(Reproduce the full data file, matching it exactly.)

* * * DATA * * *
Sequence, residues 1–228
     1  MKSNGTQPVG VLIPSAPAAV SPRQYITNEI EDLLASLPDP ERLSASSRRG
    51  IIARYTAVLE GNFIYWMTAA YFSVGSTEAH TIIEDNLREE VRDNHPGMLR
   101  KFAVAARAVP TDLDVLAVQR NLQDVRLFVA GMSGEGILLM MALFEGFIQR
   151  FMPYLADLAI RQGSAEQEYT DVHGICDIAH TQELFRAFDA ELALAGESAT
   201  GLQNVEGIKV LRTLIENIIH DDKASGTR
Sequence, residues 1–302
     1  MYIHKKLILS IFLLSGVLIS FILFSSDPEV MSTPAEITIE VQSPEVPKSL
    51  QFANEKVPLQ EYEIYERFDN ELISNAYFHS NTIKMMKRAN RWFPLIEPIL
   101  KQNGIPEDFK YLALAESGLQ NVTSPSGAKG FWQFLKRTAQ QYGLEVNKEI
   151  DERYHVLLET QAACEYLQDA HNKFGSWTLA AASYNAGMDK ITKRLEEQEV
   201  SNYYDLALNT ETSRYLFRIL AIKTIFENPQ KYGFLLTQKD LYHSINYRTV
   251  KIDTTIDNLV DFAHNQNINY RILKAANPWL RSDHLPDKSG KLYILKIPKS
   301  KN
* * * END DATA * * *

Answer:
Sequence, residues 1–228
     1  MKSNGTQPVG VLIPSAPAAV SPRQYITNEI EDLLASLPDP ERLSASSRRG
    51  IIARYTAVLE GNFIYWMTAA YFSVGSTEAH TIIEDNLREE VRDNHPGMLR
   101  KFAVAARAVP TDLDVLAVQR NLQDVRLFVA GMSGEGILLM MALFEGFIQR
   151  FMPYLADLAI RQGSAEQEYT DVHGICDIAH TQELFRAFDA ELALAGESAT
   201  GLQNVEGIKV LRTLIENIIH DDKASGTR
Sequence, residues 1–302
     1  MYIHKKLILS IFLLSGVLIS FILFSSDPEV MSTPAEITIE VQSPEVPKSL
    51  QFANEKVPLQ EYEIYERFDN ELISNAYFHS NTIKMMKRAN RWFPLIEPIL
   101  KQNGIPEDFK YLALAESGLQ NVTSPSGAKG FWQFLKRTAQ QYGLEVNKEI
   151  DERYHVLLET QAACEYLQDA HNKFGSWTLA AASYNAGMDK ITKRLEEQEV
   201  SNYYDLALNT ETSRYLFRIL AIKTIFENPQ KYGFLLTQKD LYHSINYRTV
   251  KIDTTIDNLV DFAHNQNINY RILKAANPWL RSDHLPDKSG KLYILKIPKS
   301  KN